It requires us to push ‘upstream’ (to employ a systems thinking term) as we consider the challenges before us. It requires us to think ‘slowly’ as Daniel Kahneman (Thinking Fast and Slow) puts it, or ‘deeply and deliberately’ as I prefer to refer to it. Slowly has too many negative connotations in our society where fast action is so valued. 

At a deeper level, it is re-purposing the system. We humans can use our conscious thought processes to question the very purpose of our organisations. Is the goal just to make profits or keep a given political party in power? 

Adaptability within organisations today

Providing corporate examples of deep adaption is difficult because most organisations are designed and assumed to work more like ‘well-oiled machines’ than living systems. Within a hierarchical context, there is not ‘broad participation of the agents’ within the system to assess the need for change. The assessment of the need for change is done at senior levels and then communicated downwards. I believe this dynamic explains why 70-90% of all organisational change initiatives (still) fail to deliver the intended outcomes.

However, Interface Carpets is one business that transformed itself from exploiter to nurturer, and my research within the City of Marion is another expression of a paradigmatic transformation. There are also other examples of organisations that are working more like living systems than machines provided in LaRoux’s “Reinventing Organizations“.

In my experience, most corporates have difficulty adapting (at any level) because of the legacy of assumptions that underpin the hierarchical structure. Hierarchy, with its original purpose within the military, has been pre-conceived for a context where ‘command and control’ are highly valued and believed to be necessary. These qualities have served us so well for so long that we assume that there is no other way. 

Now, however, we find that the management practices that we have developed to control, gain efficiencies and ensure uniformity – is almost the direct opposite of the expertise we need to understand a world of volatility, complexity, and being effective. 

We are living through a significant paradigmatic shift, and these types of transformations are seismic. A new paradigm, by its very definition, negates the old standard.

Paradigmatic shifts we have transitioned in the past

Humans have lived through such times before. We have experienced paradigmatic shifts that have changed the way we view the world and also changed us as a result. For example, in 1539 Copernicus overturned a thousand years of doctrine that the sun revolves around the sun. In 1859, Darwin published “On the Origin of Species” touting natural selection as a process of evolution. This view was heretical challenging creationism. Mendel, in 1865 showed that genetics were passed on from parent to child, not in an average fashion but over multiple generations with hybrid, dominant and recessive genes. And as recently as 1965, there was acceptance that ‘plate tectonics’ is an explanation for large-scale geologic change. In 2000, a new term for a new geologic era was popularised by scientists, The Anthropocene.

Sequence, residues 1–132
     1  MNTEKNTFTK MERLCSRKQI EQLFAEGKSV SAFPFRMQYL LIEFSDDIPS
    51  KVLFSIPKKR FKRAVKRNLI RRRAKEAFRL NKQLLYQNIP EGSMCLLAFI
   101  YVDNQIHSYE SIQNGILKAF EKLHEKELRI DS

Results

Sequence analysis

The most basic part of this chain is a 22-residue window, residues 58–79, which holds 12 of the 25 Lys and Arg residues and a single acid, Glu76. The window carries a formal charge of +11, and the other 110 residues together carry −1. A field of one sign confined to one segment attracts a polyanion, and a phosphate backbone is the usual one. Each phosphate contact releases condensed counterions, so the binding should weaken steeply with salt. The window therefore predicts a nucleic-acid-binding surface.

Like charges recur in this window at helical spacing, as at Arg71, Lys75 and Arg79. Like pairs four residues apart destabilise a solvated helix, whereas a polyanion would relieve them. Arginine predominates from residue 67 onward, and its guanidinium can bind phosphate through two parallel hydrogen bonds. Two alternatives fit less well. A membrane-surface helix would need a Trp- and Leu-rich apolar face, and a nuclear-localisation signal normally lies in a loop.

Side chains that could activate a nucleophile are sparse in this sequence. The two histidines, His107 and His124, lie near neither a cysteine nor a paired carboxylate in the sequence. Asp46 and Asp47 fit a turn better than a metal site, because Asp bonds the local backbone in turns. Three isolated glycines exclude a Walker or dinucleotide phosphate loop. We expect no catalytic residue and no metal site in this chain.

We’ve got this!

We should take heart therefore, that we are capable of transitioning through old paradigms and into new paradigms. Paradigms are after all, just different ways we think about reality in our heads. In fact, I believe we are capable of a lot more than just transitioning, I believe we are capable of discovering and liberating a great deal more human creativity and joy in the process.

This is a transition, the opportunity for which, should be cherished and enjoyed because we have been so blissfully unaware of the costs of the old paradigm! Now we can realise these costs and shift into reaping the rewards of human ingenuity – not merely technologically, but in the fullness of our humanity.

This coming decade is demanding us to transition to a new paradigm.

How are you placed to engage with this transition?

How am I contributing to this shift?

My work this year has been transitioning itself very naturally. I am:

  • Delivering Generating Real Change, a two day workshop to learn and apply the principles of adaptive leadership. (Getting great feedback from participants.)
  • Working with sustainability teams to help them view their work and the way it is organised through the lens of complexity and I would be very happy to extend this work to any team working with complex issues (e.g. health, transport, education). This is a team development and coaching program called Lens: team development for those working in complexity.
  • Continue to provide Executive Coaching and group coaching in various contexts.
  • Designing and delivering bespoke leadership development programs for clients that embrace vertical and horizontal development.

I would love to do more of this work. Please contact me if you are interested in reaping some substantial rewards! I will shout the coffee 🙂